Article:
Cerebrovascular disease death rates for AN did not change significantly between 1979 and 2003. In contrast, rates declined a significant 36% among USW during this time period (Table 3).
COPD was the sixth leading cause of death among AN, both genders combined, ranking sixth for men and fifth for women. AN, both genders combined, experienced a COPD mortality rate 1.4 times higher than for USW (65.1 vs. 45.8 per 100,000). RRs were similar for men and women. RRs between AN and USW appeared to increase with increasing age. Within the AN population, rates were higher for men than women only in the oldest age group. As shown in Table 3, AN COPD mortality rates increased a significant 192% between 1979 and 2003. During the same time period, USW experienced a significant 54% increase.
Homicide and legal intervention was the seventh leading cause of death among AN, both genders combined. Only three of the 90 deaths in this category were due to legal intervention. Homicide ranked seventh among AN men and ninth among AN women. It accounted for about 3% (n=90) of all AN deaths. Rates for AN, both genders combined, were 4.0 times higher than for USW (17.7 vs. 4.0 per 100,000). Compared with USW, RRs were high for both AN men (RR=3.8) and AN women (RR=6.1).
Age-specific homicide rates were a significant 3.2 to 7.6 times higher among AN, both genders combined, than among USW for people aged 0 to 54 years. RRs were higher for AN women compared with USW women than for AN men compared with USW men. Comparing AN men with women, however, rates did not differ significantly by age group.
AN homicide rates declined a significant 50% between 1979 and 2003, while USW experienced a 35% decline in rates (Table 3). Among AN, both genders combined, homicides were attributed to firearms (53%), stabbing (14%), and all other means (34%). RRs among men and women were similar. The percentage of AN homicides involving firearms increased significantly between 1989–1998 and the present (37% vs. 55%, respectively; p<0.05). This overall increase was due to a large increase in the proportion of firearm homicides among AN women.
Pneumonia/influenza was the eighth leading cause of death among AN, both genders combined, and for men and women separately. It accounted for nearly 3% (n=85) of all deaths. Pneumonia/influenza mortality rates among AN, both genders combined, were 1.6 times higher than those among USW (36.1 vs. 22.5 per 100,000). This difference in rates was true for both AN men compared with USW men (43.6 vs. 27.0 per 100,000) and AN women compared with USW women (32.5 vs. 19.8 per 100,000).
Age-specific pneumonia/influenza mortality rates were significantly different between AN and USW for both genders combined only in the 0–4 and ≥75 age groups (Table 2). Comparing men with women within the AN population, there were no significant differences in rates by age group.
As shown in Table 3, AN experienced a significant 27% decline in pneumonia/influenza death rates between 1979 and 2003. Most of this decline occurred since the mid-1990s. Among USW, there was a significant 21% decline between 1979 and 2003.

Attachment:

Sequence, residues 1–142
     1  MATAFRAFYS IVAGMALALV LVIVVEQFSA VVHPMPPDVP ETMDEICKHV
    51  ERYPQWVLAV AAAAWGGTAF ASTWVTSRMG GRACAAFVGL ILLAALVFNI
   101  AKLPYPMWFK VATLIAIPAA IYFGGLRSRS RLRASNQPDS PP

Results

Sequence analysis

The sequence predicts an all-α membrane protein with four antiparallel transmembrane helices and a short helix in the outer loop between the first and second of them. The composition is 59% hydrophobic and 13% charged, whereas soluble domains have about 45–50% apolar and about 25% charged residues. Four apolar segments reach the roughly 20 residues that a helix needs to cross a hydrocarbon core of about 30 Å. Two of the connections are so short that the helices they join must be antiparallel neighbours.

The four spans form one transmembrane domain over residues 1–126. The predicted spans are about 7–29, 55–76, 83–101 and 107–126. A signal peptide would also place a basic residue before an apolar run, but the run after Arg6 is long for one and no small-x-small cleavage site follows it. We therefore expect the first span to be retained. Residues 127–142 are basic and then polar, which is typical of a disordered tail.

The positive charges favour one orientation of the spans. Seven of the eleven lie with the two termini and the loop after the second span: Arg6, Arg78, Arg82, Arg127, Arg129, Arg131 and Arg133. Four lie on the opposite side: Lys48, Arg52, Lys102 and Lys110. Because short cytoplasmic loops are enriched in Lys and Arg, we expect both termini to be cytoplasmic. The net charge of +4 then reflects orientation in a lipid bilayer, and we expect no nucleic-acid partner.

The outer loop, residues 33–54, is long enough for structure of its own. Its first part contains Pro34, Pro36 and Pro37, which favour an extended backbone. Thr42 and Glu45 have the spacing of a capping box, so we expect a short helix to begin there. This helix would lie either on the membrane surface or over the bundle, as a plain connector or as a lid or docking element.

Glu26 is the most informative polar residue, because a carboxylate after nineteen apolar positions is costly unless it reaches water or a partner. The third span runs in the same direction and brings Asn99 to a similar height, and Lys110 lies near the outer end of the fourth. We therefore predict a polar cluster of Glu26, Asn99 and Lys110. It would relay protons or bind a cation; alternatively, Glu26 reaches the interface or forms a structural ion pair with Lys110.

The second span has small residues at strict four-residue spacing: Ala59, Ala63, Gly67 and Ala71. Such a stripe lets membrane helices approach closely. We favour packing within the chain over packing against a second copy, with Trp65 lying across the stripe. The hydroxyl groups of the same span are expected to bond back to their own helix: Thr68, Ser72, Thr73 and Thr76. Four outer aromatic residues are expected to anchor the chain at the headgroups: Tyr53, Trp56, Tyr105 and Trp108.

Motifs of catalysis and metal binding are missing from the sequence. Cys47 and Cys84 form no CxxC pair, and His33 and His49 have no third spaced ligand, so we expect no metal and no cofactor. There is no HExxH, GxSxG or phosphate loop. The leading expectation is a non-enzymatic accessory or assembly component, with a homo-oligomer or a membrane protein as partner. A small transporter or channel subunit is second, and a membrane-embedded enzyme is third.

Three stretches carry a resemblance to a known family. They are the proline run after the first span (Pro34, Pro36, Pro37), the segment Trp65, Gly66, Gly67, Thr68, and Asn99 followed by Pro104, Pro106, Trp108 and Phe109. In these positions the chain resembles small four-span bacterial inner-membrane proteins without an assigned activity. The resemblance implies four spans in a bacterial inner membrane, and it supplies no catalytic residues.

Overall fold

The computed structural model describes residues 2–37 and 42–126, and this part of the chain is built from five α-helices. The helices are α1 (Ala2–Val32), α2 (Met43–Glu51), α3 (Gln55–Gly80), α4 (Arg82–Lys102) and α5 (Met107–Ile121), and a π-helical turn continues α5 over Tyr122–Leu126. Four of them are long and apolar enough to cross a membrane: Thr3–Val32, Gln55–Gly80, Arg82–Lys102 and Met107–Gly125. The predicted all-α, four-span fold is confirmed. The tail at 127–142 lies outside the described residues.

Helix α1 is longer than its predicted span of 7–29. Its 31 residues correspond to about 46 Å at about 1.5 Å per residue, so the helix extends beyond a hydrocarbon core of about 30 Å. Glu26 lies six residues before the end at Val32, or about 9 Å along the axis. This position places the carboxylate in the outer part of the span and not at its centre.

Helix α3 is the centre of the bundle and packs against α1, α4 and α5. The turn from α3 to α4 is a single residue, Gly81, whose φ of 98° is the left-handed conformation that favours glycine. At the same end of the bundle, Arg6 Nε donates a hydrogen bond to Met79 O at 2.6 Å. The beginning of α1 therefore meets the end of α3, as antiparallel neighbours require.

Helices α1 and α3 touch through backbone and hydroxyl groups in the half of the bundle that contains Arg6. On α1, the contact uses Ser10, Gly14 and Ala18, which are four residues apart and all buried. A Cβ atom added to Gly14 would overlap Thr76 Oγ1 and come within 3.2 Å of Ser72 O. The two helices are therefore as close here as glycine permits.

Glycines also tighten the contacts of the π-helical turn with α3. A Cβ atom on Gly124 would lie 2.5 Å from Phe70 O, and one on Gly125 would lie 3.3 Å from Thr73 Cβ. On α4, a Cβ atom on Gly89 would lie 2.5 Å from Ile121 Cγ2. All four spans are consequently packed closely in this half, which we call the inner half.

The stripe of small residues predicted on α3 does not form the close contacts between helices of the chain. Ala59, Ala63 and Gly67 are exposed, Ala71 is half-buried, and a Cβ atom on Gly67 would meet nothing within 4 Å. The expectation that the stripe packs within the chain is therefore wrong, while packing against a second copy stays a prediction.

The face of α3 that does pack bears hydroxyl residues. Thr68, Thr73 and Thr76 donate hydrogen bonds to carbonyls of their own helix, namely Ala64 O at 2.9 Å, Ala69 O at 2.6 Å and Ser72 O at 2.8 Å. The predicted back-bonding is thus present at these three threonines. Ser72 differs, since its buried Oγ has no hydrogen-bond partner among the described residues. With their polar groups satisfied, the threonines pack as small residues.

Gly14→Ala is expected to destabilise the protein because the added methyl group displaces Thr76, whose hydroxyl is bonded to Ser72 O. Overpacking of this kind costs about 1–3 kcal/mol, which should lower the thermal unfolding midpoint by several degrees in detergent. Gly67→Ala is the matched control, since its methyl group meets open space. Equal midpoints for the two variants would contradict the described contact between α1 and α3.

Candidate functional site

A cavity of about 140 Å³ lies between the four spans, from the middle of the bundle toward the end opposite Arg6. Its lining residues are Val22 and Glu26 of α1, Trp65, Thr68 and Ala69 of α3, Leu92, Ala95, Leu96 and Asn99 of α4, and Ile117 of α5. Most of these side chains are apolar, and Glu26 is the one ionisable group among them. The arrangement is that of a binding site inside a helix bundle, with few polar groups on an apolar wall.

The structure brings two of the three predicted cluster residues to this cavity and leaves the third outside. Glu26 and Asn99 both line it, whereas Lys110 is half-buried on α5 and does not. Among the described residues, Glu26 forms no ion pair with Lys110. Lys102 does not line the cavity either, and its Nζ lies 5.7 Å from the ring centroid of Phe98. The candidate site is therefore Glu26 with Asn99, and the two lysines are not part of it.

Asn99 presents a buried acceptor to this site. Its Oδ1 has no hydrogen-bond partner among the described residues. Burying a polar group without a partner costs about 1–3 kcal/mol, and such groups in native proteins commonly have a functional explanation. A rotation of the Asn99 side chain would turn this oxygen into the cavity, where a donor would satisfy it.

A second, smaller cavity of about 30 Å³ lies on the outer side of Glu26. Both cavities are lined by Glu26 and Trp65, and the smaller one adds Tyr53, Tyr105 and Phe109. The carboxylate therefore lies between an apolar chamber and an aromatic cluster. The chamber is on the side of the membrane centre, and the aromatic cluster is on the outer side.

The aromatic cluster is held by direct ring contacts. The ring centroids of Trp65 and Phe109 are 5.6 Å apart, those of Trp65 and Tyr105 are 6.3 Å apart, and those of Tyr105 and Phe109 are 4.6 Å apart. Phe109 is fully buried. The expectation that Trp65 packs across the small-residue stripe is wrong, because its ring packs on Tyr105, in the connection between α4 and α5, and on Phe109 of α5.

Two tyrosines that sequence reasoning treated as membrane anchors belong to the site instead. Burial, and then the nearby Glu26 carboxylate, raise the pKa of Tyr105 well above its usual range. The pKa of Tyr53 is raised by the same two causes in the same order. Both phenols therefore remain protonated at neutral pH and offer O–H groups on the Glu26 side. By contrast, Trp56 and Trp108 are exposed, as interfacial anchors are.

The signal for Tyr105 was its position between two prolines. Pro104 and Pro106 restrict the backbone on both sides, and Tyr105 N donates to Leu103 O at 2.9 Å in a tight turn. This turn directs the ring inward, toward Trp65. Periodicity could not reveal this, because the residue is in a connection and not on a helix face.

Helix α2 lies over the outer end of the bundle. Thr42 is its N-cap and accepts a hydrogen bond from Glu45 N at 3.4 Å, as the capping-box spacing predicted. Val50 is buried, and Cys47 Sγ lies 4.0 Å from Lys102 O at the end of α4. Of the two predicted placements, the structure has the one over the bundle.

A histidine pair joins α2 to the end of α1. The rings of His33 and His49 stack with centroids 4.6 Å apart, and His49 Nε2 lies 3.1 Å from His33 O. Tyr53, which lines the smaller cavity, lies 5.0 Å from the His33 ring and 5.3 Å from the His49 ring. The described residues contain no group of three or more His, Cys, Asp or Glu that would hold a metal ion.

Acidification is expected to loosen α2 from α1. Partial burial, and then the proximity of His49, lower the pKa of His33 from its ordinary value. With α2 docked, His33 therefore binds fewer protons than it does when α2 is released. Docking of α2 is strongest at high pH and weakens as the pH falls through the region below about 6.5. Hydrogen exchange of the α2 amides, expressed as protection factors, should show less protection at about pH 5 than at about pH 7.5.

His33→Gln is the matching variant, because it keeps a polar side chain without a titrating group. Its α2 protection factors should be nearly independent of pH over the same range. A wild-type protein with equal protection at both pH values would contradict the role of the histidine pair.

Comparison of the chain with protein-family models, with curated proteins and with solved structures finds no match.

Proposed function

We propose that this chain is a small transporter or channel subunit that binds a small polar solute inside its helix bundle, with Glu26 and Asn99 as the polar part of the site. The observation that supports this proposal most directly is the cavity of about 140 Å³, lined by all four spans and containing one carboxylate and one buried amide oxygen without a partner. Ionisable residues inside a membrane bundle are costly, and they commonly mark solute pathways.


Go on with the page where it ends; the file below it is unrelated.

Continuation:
CLD was the ninth leading cause of death among AN, both genders combined. It ranked 10th among AN men and sixth among AN women. CLD accounted for about 2% (n=75) of all deaths. CLD mortality rates for AN, both genders combined, were 2.0 times higher than among USW (19.4 vs. 9.6 per 100,000). Rates for AN men were not significantly different from those for USW men (13.2 vs. 13.4 per 100,000); however, rates for AN women were 4.1 times higher than those for USW women (25.2 vs. 6.2 per 100,000).
Age-specific CLD mortality rates for AN, both genders combined, were 1.2 to 3.6 times higher for those aged 25 to 64 years compared with USW. There were no significant differences between mortality rates for AN men and USW men for any age groups. Among AN women, CLD mortality rates were 2.1 to 7.2 times higher than for USW women for those aged 25 to 74 years. There were no significant differences between rates for AN men and women by age group.
There was a significant 31% decline in CLD death rates for AN, both genders combined, between 1979 and 2003. USW experienced a significant 26% decline (Table 3). More than three-quarters (77%) of CLD deaths for AN during 1999–2003 were coded as alcohol-related. This proportion has not changed significantly since 1989–1998. Proportions of alcohol-related liver disease deaths were similar for both AN men and women.
DM was the 10th leading cause of death among AN, both genders combined. DM ranked ninth for AN men and 10th for AN women, and it accounted for almost 2% (n=51) of all deaths among AN, both genders combined. The mortality rate for DM among AN, both genders combined, was lower but not significantly lower than the USW rate (20.9 vs. 22.8 per 100,000). Among AN men and women, rates were similar to those for USW men (25.5 vs. 26.4 per 100,000) and USW women (19.7 vs. 20.1 per 100,000).
There were no significant differences in mortality rates between AN and USW by age group for both genders combined or by gender. There were no significant differences between AN men and women by age group. As shown in Table 3, DM death rates among AN, both genders combined, increased 194% between 1979 and 2003, a much greater increase than that among USW of 40%.